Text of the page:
83 * First, sort out the command line. There is only one possible option at  *
   84 * the moment, "-g" to request repeated matching to find all occurrences,  *
   85 * like Perl's /g option. We set the variable find_all to a non-zero value *
   86 * if the -g option is present. Apart from that, there must be exactly two *
   87 * arguments.                                                              *
   88 **************************************************************************/
   89 
   90 find_all = 0;
   91 for (i = 1; i &lt; argc; i++)
   92   {
   93   if (strcmp(argv[i], "-g") == 0) find_all = 1;
   94     else break;
   95   }
   96 
   97 /* After the options, we require exactly two arguments, which are the pattern,
   98 and the subject string. */
   99 
  100 if (argc - i != 2)
  101   {
  102   printf("Two arguments required: a regex and a subject string\n");
  103   return 1;
  104   }
  105 
  106 pattern = argv[i];
  107 subject = argv[i+1];
  108 subject_length = (int)strlen(subject);
  109 
  110 
  111 /*************************************************************************
  112 * Now we are going to compile the regular expression pattern, and handle *
  113 * and errors that are detected.                                          *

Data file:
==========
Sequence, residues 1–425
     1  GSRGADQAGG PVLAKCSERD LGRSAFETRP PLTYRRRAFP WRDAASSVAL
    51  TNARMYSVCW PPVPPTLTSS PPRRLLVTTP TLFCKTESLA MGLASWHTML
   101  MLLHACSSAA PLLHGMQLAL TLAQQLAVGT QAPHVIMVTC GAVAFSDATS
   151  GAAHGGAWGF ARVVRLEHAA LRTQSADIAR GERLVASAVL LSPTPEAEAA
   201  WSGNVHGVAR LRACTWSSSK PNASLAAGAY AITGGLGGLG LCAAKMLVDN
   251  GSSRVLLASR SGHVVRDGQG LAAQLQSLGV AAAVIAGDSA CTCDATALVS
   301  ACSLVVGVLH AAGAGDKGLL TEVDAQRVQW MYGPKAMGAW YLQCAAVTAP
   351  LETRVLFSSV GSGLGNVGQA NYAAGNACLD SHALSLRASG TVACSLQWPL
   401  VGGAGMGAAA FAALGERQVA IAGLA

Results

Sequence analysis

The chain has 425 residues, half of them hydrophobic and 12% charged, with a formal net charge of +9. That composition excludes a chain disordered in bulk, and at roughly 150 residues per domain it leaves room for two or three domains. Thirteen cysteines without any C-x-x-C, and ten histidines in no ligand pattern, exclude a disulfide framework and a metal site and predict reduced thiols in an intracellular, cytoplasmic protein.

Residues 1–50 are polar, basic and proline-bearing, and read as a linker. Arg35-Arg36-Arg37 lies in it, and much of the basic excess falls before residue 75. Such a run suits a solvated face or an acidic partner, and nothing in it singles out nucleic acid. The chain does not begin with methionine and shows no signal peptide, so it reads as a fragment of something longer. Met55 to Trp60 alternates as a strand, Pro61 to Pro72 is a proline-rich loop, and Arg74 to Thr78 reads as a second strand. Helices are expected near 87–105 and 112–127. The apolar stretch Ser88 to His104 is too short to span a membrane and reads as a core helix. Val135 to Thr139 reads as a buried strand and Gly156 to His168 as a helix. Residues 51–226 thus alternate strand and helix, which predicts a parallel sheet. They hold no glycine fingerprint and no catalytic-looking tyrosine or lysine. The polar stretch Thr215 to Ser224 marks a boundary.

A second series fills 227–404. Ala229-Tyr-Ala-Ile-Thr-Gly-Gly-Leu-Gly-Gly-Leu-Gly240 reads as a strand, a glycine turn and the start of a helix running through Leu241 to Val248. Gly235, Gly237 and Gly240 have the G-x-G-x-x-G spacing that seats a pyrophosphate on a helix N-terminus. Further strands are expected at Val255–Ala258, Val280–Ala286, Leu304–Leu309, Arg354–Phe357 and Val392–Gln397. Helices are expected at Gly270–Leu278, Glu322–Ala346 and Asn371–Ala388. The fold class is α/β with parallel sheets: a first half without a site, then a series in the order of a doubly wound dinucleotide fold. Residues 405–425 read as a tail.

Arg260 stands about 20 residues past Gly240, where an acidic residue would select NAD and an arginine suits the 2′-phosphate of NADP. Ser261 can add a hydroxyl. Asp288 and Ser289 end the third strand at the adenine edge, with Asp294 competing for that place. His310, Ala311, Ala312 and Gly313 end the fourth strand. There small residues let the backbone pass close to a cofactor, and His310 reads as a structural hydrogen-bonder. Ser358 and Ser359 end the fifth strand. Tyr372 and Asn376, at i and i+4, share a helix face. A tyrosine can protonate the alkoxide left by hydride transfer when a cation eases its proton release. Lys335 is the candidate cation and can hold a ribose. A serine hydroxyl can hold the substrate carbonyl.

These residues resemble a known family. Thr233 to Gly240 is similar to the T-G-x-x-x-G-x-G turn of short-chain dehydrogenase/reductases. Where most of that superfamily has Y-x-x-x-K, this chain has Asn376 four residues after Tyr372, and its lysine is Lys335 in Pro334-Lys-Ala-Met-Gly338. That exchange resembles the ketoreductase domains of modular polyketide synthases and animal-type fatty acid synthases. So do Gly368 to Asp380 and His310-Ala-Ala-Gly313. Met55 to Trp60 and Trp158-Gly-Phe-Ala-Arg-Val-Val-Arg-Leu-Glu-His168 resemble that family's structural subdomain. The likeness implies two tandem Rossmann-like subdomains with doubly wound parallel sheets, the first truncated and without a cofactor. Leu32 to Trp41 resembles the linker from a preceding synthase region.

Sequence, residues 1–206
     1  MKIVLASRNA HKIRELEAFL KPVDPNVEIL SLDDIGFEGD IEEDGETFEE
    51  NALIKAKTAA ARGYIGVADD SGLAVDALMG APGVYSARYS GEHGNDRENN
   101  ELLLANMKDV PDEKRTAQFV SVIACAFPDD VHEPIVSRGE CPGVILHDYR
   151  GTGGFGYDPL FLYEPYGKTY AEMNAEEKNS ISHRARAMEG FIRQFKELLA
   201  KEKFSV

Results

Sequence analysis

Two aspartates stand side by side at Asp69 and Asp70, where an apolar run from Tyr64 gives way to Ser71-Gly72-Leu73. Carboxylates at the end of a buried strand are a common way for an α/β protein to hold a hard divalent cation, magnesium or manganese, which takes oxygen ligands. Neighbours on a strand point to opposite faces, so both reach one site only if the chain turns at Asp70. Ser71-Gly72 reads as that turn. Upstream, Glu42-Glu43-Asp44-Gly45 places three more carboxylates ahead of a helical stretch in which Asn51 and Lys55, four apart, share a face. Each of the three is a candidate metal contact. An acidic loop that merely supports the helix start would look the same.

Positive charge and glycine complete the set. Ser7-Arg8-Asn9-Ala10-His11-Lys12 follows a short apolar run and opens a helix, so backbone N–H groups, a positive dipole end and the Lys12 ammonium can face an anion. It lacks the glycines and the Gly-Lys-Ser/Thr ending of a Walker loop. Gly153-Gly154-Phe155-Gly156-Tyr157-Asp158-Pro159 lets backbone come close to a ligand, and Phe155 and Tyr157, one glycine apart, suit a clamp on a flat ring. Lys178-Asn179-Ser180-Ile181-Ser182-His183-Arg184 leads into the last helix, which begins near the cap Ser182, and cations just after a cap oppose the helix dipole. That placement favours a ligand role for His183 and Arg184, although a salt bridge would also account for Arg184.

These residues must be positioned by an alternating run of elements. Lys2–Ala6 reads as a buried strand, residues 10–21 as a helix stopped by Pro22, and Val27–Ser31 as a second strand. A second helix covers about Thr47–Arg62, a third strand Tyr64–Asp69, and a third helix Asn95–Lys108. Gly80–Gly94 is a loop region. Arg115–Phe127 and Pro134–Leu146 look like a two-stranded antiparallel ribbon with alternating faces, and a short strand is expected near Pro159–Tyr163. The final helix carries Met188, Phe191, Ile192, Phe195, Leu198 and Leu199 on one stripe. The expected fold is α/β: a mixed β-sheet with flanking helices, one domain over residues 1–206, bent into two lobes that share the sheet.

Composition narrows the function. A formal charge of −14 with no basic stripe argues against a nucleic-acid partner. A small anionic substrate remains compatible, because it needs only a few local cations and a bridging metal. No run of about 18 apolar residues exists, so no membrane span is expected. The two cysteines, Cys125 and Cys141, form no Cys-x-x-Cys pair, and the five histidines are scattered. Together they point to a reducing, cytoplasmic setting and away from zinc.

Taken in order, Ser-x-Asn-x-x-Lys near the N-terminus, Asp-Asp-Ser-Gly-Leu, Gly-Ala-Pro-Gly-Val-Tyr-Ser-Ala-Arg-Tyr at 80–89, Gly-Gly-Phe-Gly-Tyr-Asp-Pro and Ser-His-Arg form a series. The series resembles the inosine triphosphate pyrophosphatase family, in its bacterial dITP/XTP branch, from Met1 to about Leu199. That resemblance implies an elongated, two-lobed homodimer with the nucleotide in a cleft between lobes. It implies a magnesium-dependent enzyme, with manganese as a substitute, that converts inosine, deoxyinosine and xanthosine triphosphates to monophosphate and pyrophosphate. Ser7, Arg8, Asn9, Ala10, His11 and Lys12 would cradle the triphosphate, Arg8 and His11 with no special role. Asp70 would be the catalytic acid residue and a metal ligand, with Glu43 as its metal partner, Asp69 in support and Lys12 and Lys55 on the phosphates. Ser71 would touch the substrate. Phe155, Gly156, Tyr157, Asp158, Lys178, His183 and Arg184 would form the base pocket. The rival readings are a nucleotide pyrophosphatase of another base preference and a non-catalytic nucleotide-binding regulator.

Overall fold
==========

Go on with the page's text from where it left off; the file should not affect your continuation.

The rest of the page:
114 *************************************************************************/
  115 
  116 re = pcre_compile(
  117   pattern,              /* the pattern */
  118   0,                    /* default options */
  119   &amp;error,               /* for error message */
  120   &amp;erroffset,           /* for error offset */
  121   NULL);                /* use default character tables */
  122 
  123 /* Compilation failed: print the error message and exit */
  124 
  125 if (re == NULL)
  126   {
  127   printf("PCRE compilation failed at offset %d: %s\n", erroffset, error);
  128   return 1;
  129   }
  130 
  131 
  132 /*************************************************************************
  133 * If the compilation succeeded, we call PCRE again, in order to do a     *
  134 * pattern match against the subject string. This does just ONE match. If *
  135 * further matching is needed, it will be done below.                     *
  136 *************************************************************************/
  137 
  138 rc = pcre_exec(
  139   re,                   /* the compiled pattern */
  140   NULL,                 /* no extra data - we didn't study the pattern */
  141   subject,              /* the subject string */
  142   subject_length,       /* the length of the subject */
  143   0,                    /* start at offset 0 in the subject */
  144   0,                    /* default options */
  145   ovector,              /* output vector for substring information */
  146   OVECCOUNT);           /* number of elements in the output vector */
  147 
  148 /* Matching failed: handle error cases */
  149 
  150 if (rc &lt; 0)
  151   {
  152   switch(rc)
  153     {
  154     case PCRE_ERROR_NOMATCH: printf("No match\n"); break;
  155     /*
  156     Handle other special cases if you like
  157     */